A lot of people make snarky comments about Apple products. I can certainly see why. The hysteria that accompanies a new Apple release is nothing short of silly. The iPhone 4 was recently released. I read stories of people that slept outside of Apple stores to be fortunate enough to buy one.
I wasn't one of them. It's a damn phone. Really.
But just because some people seem to lose their minds when Apple offers a new toy, doesn't mean there's anything wrong with the products themselves. I made the switch to Mac last fall. I also bought my first iPhone last fall. Why? The stuff works and makes my life simpler. End of story.
I don't use Apple products for style points or because they are seen as trendy by some. I use them because, in my opinion, they are better designed and built than PC's and I prefer the iPhone to a Blackberry, of which I owned no less than 3.
I use MobilMe for my calendar, which wirelessly syncs all of my devices. When I am in court and get a continuance, I immediately enter it on my iPhone's calendar. When I get home it's already on my iMac and MacBook Pro. I love this feature.
I don't have a secretary or an assistant. My iPhone helps keep me organized.
When the iPad was released earlier this year, I held out. Why? It was a first generation Apple product, first of all. History has shown that they can have problems. But most importantly, I couldn't see a need for it. It seemed to serve no purpose in my world.
Since then I have paid loose attention to blogs about iPads. And I have watched more and more iPad apps be produced. My practice is not a typical law practice per se. But I did keep an eye on how other lawyers were using them.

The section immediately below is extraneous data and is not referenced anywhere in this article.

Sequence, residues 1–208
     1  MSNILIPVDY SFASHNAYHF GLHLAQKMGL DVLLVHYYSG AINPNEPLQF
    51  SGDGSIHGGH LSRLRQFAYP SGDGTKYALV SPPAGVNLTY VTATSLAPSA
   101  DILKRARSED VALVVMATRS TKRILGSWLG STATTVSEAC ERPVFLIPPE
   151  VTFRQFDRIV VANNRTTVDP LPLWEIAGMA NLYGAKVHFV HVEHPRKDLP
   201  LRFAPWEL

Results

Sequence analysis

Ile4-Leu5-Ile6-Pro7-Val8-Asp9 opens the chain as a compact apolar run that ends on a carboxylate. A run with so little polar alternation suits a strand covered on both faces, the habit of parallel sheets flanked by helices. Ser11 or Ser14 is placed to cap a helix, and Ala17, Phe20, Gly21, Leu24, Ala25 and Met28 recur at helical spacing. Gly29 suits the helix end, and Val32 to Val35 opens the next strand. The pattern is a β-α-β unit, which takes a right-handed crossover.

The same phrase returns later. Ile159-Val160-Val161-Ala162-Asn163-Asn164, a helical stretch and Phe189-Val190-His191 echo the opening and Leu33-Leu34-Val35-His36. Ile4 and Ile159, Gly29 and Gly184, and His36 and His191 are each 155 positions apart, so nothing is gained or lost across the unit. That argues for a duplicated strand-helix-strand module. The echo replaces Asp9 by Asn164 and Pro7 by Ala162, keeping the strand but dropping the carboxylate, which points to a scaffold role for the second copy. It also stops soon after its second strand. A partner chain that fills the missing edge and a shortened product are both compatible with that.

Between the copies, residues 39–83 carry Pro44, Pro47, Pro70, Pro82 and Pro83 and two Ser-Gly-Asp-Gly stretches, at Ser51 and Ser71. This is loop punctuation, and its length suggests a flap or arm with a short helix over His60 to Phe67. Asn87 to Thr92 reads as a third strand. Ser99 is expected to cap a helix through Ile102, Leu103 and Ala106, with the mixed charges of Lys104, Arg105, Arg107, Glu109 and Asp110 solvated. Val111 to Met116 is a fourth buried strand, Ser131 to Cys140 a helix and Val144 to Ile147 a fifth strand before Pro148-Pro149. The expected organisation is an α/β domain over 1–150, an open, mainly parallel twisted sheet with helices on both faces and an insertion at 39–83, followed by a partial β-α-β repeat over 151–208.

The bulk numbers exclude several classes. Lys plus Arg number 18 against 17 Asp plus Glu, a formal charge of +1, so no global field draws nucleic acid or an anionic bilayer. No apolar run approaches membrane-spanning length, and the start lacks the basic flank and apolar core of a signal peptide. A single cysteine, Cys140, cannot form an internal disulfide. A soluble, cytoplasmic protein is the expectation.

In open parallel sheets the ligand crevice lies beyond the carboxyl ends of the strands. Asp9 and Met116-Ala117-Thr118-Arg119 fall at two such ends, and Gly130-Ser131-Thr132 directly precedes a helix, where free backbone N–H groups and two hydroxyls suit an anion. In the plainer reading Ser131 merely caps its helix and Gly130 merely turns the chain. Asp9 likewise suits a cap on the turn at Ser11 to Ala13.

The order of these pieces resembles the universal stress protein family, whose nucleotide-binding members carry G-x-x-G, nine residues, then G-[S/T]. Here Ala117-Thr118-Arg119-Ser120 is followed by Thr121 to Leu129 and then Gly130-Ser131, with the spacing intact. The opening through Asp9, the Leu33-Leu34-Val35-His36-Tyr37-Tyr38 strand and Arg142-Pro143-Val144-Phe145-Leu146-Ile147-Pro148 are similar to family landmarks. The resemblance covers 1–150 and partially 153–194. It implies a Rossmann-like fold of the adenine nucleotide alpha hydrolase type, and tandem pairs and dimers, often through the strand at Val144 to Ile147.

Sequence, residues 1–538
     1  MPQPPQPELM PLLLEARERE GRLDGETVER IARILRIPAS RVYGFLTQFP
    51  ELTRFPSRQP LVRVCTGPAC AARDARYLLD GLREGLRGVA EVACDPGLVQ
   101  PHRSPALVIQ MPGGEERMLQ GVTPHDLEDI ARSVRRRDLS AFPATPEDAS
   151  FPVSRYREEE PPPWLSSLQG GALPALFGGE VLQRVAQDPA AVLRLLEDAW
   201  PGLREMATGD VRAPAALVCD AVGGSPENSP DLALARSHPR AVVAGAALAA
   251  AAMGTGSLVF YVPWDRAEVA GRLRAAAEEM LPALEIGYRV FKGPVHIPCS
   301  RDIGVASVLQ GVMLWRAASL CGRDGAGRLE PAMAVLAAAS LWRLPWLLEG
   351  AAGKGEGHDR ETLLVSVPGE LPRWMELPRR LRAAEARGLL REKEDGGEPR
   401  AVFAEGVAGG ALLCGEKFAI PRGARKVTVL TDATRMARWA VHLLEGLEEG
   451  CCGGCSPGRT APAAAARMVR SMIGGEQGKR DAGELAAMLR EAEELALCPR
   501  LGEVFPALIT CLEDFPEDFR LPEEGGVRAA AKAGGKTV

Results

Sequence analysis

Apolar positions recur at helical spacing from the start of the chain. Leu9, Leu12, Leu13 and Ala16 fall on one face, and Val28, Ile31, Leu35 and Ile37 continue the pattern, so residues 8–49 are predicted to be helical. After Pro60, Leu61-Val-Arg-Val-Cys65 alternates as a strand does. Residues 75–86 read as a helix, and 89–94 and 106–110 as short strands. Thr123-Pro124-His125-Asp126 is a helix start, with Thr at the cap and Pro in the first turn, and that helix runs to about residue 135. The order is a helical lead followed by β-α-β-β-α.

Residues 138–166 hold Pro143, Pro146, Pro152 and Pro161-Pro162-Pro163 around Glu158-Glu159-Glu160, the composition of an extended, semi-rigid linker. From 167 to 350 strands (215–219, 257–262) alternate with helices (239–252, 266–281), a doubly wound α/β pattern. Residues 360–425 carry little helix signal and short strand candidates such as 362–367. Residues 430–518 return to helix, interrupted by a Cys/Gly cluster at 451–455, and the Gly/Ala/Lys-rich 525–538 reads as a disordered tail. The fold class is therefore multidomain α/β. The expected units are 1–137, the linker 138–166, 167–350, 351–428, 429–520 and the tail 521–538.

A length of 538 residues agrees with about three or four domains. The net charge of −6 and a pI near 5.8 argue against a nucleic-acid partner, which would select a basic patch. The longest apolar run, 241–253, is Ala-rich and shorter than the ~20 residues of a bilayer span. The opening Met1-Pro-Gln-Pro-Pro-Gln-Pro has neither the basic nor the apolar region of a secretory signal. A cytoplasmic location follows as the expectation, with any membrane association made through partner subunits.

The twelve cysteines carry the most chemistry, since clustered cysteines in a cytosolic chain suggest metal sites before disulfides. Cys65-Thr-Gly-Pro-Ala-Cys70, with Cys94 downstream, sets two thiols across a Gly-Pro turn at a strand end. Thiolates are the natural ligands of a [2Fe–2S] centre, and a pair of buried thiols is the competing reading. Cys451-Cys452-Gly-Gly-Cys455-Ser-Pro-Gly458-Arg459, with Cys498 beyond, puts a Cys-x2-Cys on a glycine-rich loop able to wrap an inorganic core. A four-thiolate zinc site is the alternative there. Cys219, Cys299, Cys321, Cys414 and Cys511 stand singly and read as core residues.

Finally I bought a used one. I combed through the local Craigslist until I found one priced reasonably. I saved $100 by buying it used and it was in brand new condition. Before buying it, I already knew which apps I was going to use with it. But I have found others since.
I use the program/application Things as my task manager (my To-Do list). I have it on all of my Apple devices were it wirelessly syncs upon opening. This application, more than any other, keeps me on track. With up to 30 open cases at any one time, I need something to help manage my work output. Things does so brilliantly.
So, what am I going to use the iPad for? Simple, document viewing. On complex cases, I scan all the discovery documents along with grand jury and preliminary hearing transcripts and save them as PDF files. I keep them on my iMac's hard drive and back them up on my Time Capsule. I was already doing this before I had the iPad.
But now, I sync the files with my iPad where I can view them with the app, Goodreader, instantly on a screen that's just the right size. I also have apps that let me view and edit MS Office documents, such as Word. I doubt, however, that I will ever do much document editing on my iPad. It seems it's primary function will be that of a document viewer.
I plan to use it during my next trial. I will keep cross-examination outlines and other trial documents on it. I can keep an entire set of Illinois Pattern Jury Instructions on it as well. I also already have a bunch of case law ready to go.
I am going out of town this weekend for the holiday. But I am taking several hundred pages of discovery with me on 2 murder cases. And instead of hauling around 2 very large files, I will be carrying this little, light-weight iPad with me. And with the app iAnnotate PDF, I can make notes on the pages and drop bookmarks where needed.
You can say or think what you want, but I think it's smart.